This book by Richard Powers took me by surprise. He’s an author I’ve been meaning to read for years, and although I wasn’t sure The Overstory was really the kind of book I’d like, I saw enough praise for it that I decided to give it a try. The opening section (titled “Roots”) initially didn’t allay my skepticism because each chapter seemed to exist in isolation. I was expecting a novel, not a 500-page story collection. But each story captured my interest. There’s a farmer who photographs the same chestnut tree each month, a tradition that continues through the generations as chestnuts are dying out everywhere else. There’s the computer programmer who falls out of a tree and loses the use of his legs, only to later become inspired by trees to create a virtual world. There’s a scientist whose ideas about tree intelligence make her a pariah in academia. Each person is touched in some way by trees.
By the time the stories (mostly) came together in the second section (“Trunk”), I was hooked by Powers’ evocative writing, and the overarching story was almost immaterial, although I was glad that there were not as many strands to track as the opening section suggested. Although a few stories remain isolated, with only occasional references to the others, many of the stories converge when several characters become environmental activists who put their bodies on the line to save trees from deforestation. The final sections (“Crown” and “Seeds”) focus on the aftermath of their work.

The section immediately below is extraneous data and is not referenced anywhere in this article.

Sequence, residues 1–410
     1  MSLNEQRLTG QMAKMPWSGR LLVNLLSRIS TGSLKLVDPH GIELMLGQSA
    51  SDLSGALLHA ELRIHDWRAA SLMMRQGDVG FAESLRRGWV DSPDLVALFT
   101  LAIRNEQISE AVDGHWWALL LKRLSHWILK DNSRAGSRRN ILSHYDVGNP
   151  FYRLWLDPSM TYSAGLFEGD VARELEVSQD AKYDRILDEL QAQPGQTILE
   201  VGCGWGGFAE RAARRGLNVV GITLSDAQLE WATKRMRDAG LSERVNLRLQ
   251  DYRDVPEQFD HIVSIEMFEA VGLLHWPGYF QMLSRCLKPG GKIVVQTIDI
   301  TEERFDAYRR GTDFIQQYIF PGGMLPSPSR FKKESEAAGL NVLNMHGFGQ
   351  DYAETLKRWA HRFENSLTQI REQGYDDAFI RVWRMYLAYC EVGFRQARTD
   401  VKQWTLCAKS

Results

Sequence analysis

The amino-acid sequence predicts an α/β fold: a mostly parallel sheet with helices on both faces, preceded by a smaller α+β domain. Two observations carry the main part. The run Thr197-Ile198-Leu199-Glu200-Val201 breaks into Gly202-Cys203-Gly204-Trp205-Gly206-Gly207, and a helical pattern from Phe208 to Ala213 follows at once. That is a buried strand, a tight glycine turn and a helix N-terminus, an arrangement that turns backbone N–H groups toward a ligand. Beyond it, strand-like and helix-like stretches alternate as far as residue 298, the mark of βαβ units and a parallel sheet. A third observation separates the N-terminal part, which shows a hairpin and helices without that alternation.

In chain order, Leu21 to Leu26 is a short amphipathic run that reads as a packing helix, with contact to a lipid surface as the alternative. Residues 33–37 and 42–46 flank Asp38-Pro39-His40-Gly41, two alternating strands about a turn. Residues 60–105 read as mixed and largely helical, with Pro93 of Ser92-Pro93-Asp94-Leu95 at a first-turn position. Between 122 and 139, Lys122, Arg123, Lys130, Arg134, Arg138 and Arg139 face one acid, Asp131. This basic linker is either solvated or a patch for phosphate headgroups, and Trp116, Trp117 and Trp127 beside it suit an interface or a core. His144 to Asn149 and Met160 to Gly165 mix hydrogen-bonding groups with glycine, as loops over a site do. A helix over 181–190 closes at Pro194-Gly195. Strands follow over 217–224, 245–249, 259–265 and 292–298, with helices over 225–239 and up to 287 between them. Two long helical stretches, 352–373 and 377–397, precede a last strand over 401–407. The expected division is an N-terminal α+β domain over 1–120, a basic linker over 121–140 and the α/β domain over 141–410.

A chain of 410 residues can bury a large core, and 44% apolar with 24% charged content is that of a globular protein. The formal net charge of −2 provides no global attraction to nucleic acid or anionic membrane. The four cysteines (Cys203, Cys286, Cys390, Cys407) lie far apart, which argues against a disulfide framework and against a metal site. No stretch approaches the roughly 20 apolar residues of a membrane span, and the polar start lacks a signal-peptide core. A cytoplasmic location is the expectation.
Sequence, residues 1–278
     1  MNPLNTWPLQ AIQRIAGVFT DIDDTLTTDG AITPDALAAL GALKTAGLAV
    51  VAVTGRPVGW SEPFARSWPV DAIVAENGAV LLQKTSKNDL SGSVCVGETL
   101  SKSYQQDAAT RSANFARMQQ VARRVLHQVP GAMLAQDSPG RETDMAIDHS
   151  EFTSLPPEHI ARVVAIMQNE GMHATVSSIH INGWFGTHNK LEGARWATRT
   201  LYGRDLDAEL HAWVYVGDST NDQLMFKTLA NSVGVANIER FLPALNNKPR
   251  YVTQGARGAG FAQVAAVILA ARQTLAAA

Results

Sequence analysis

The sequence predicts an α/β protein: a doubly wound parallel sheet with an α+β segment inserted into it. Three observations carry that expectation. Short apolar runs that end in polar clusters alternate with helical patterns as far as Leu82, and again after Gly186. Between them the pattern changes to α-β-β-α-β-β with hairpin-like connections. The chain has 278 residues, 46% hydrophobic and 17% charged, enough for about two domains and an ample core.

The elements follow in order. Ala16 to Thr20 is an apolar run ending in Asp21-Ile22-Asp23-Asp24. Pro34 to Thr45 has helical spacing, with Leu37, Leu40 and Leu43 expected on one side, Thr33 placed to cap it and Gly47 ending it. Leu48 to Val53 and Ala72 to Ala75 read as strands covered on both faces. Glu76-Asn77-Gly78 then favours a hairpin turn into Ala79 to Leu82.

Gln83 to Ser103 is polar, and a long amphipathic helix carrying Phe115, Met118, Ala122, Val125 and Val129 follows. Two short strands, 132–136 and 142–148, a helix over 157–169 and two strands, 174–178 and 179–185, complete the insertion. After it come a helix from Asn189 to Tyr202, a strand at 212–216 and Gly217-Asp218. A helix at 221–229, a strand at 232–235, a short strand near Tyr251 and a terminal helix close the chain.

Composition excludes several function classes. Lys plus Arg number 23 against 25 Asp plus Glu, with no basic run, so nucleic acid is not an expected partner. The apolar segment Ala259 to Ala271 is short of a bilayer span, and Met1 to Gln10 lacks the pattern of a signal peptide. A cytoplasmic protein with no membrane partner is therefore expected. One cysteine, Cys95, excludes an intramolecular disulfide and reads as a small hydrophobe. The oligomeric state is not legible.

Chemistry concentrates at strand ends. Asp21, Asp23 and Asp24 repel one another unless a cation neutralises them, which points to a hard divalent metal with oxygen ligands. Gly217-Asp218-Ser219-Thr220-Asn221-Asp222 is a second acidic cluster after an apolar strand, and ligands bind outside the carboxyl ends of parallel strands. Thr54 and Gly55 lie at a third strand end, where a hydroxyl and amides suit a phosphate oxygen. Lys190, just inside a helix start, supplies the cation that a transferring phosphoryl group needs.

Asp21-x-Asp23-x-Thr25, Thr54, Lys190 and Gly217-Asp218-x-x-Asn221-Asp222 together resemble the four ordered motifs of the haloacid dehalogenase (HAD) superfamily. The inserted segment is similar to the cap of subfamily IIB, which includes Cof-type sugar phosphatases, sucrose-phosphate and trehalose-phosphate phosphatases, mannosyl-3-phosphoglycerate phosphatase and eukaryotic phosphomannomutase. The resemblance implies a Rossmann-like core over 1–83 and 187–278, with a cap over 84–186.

Not all of the character portraits are equally successful, and some, particularly that of the troubled couple Ray and Dorothy, could be removed neatly from the overall book, possibly creating a tighter and more cohesive novel overall. But, honestly, as I was reading, I enjoyed every part of the book. Besides being a powerful tribute to the vital place of trees in our ecosystem, it’s also a meditation on what it means to be alive in the world, what it means to live a live of value. It is sobering and frightening while also being inspiring and hopeful. Somehow, life finds a way. The question is, what place will humans have in that ongoing life?